Foundations of Science recently published a rebuttal to a portion of our essay it published 2 years ago. The author, G. Schubring, argues that our 2013 text treated unfairly his 2005 book, Conflicts between generalization, rigor, and intuition. He further argues that our attempt to show that Cauchy is part of a long infinitesimalist tradition confuses text with context and thereby misunderstands the significance of Cauchy’s use of infinitesimals. Here we defend our original analysis of various misconceptions and misinterpretations concerning (...)
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  15.  14
    Gregory’s Sixth Operation.Tiziana Bascelli, Piotr Błaszczyk, Vladimir Kanovei, Karin U. Katz, Mikhail G. Katz, Semen S. Kutateladze, Tahl Nowik, David M. Schaps & David Sherry - 2018 - Foundations of Science 23 (1):133-144.
    In relation to a thesis put forward by Marx Wartofsky, we seek to show that a historiography of mathematics requires an analysis of the ontology of the part of mathematics under scrutiny. Following Ian Hacking, we point out that in the history of mathematics the amount of contingency is larger than is usually thought. As a case study, we analyze the historians’ approach to interpreting James Gregory’s expression ultimate terms in his paper attempting to prove the irrationality of \. Here (...)
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  16. Thermoscopes, Thermometers, and the Foundations of Measurement.David Sherry - 2011 - Studies in History and Philosophy of Science Part A 42 (4):509-524.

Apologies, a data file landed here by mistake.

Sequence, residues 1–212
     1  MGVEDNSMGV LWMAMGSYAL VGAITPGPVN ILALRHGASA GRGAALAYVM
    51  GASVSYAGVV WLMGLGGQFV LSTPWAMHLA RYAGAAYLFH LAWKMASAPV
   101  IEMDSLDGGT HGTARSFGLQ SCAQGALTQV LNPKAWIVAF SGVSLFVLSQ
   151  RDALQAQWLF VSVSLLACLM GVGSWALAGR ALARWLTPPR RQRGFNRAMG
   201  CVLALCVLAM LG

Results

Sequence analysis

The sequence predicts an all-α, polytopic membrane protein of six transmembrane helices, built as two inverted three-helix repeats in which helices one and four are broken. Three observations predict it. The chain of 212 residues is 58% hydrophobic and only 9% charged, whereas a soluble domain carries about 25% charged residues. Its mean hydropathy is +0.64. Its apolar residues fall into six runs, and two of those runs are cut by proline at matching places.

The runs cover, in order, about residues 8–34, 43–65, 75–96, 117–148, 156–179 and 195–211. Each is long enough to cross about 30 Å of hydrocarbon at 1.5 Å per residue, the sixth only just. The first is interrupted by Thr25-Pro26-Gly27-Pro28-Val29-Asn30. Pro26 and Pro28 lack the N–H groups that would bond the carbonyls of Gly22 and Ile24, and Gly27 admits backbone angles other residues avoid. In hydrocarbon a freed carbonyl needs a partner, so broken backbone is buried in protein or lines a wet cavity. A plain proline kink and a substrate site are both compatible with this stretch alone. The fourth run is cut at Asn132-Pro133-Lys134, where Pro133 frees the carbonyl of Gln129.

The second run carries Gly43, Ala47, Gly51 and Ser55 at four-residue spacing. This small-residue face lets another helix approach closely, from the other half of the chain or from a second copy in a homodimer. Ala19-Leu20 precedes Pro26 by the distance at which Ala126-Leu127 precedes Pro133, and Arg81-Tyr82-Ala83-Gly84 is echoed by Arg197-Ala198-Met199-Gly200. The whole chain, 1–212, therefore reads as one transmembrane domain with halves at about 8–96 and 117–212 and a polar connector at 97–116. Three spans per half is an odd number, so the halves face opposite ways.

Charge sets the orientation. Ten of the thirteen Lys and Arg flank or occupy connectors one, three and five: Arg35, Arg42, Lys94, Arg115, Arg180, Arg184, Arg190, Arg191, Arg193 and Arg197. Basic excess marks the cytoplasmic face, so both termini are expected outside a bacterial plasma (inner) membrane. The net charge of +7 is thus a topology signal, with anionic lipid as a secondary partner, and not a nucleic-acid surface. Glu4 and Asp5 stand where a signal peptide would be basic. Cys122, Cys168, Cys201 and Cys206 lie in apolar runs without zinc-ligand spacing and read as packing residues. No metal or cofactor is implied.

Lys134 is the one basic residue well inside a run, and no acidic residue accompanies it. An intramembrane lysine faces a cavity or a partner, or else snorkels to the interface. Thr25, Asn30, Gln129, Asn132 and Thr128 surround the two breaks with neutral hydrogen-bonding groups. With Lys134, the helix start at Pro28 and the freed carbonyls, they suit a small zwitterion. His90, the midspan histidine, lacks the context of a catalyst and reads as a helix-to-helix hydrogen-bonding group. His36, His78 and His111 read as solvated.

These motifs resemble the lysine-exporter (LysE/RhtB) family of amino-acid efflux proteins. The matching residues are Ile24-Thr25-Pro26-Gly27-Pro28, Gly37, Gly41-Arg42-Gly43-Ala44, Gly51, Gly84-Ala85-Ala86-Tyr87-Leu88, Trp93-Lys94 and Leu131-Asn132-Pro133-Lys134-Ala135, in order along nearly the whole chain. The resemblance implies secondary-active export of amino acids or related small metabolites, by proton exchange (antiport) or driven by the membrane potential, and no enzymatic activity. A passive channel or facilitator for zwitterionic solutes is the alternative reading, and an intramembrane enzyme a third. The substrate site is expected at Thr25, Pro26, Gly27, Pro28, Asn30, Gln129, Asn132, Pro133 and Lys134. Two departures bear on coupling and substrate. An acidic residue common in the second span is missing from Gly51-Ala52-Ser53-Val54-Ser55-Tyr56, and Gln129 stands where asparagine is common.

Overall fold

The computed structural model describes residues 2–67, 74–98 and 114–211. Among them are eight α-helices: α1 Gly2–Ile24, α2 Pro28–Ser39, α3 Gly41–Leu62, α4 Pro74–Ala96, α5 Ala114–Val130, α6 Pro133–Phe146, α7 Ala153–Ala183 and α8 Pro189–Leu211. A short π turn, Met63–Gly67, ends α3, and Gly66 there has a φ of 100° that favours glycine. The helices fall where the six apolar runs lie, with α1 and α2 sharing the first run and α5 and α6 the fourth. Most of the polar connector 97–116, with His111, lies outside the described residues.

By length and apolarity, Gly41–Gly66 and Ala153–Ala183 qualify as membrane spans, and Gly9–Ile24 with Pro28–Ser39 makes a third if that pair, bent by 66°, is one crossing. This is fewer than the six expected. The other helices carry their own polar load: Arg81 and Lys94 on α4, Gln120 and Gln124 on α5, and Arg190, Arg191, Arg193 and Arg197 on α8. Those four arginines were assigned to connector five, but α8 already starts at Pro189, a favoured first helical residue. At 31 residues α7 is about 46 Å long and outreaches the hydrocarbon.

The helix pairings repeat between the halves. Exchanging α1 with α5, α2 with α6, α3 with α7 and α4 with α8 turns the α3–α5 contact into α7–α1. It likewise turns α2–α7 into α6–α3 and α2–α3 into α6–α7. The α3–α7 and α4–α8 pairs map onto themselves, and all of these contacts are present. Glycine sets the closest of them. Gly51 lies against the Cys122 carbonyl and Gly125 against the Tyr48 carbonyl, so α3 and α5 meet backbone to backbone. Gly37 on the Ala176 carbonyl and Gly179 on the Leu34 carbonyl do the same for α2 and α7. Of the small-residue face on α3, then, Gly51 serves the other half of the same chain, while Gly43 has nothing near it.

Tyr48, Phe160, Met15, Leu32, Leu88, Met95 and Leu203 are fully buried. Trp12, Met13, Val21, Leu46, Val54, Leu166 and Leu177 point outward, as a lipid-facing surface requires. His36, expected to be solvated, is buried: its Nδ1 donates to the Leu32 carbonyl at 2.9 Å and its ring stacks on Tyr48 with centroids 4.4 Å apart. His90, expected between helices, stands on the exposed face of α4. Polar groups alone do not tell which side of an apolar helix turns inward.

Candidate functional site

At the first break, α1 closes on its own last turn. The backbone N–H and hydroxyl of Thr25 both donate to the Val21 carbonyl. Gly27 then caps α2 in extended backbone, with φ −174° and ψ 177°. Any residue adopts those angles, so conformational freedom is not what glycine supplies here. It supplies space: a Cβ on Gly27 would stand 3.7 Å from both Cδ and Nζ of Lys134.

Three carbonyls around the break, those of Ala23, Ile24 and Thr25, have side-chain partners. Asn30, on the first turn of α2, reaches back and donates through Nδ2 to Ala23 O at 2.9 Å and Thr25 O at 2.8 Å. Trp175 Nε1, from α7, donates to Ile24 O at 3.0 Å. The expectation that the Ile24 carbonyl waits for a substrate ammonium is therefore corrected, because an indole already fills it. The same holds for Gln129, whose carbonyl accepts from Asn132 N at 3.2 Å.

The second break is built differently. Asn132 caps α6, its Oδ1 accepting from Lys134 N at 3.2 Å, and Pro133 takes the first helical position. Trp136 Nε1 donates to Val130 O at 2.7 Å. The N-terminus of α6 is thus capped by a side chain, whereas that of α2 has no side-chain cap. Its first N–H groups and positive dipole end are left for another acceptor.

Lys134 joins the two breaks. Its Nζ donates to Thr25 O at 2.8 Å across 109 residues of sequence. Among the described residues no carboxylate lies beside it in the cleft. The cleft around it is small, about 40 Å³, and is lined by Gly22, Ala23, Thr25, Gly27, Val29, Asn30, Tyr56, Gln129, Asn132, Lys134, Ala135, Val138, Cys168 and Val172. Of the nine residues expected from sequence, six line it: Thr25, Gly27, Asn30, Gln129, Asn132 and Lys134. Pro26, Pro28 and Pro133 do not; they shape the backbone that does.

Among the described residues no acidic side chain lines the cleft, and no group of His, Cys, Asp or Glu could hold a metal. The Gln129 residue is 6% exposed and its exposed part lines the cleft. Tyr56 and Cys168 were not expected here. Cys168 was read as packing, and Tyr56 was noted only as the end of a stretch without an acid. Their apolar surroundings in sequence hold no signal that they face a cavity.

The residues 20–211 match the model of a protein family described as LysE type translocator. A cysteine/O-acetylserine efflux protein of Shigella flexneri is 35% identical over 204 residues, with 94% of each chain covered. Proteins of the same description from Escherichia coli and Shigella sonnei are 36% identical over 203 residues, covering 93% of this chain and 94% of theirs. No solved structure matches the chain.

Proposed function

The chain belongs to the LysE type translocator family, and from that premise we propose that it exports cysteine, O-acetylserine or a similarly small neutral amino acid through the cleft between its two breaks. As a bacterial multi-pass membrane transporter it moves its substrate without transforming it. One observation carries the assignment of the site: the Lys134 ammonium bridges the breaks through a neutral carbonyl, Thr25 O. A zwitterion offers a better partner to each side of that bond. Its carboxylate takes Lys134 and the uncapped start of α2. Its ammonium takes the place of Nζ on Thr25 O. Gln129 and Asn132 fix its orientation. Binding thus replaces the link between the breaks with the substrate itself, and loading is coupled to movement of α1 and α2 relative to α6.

Psychologists debate whether mental attributes can be quantified or whether they admit only qualitative comparisons of more and less. Their disagreement is not merely terminological, for it bears upon the permissibility of various statistical techniques. This article contributes to the discussion in two stages. First it explains how temperature, which was originally a qualitative concept, came to occupy its position as an unquestionably quantitative concept (§§1–4). Specifically, it lays out the circumstances in which thermometers, which register quantitative (or cardinal) differences, (...)
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  17. Is Leibnizian Calculus Embeddable in First Order Logic?Piotr Błaszczyk, Vladimir Kanovei, Karin U. Katz, Mikhail G. Katz, Taras Kudryk, Thomas Mormann & David Sherry - 2017 - Foundations of Science 22 (4):73 - 88.
    To explore the extent of embeddability of Leibnizian infinitesimal calculus in first-order logic (FOL) and modern frameworks, we propose to set aside ontological issues and focus on pro- cedural questions. This would enable an account of Leibnizian procedures in a framework limited to FOL with a small number of additional ingredients such as the relation of infinite proximity. If, as we argue here, first order logic is indeed suitable for developing modern proxies for the inferential moves found in Leibnizian infinitesimal (...)
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  18.  19
    A Non-Standard Analysis of a Cultural Icon: The Case of Paul Halmos.Piotr Błaszczyk, Alexandre Borovik, Vladimir Kanovei, Mikhail G. Katz, Taras Kudryk, Semen S. Kutateladze & David Sherry - 2016 - Logica Universalis 10 (4):393-405.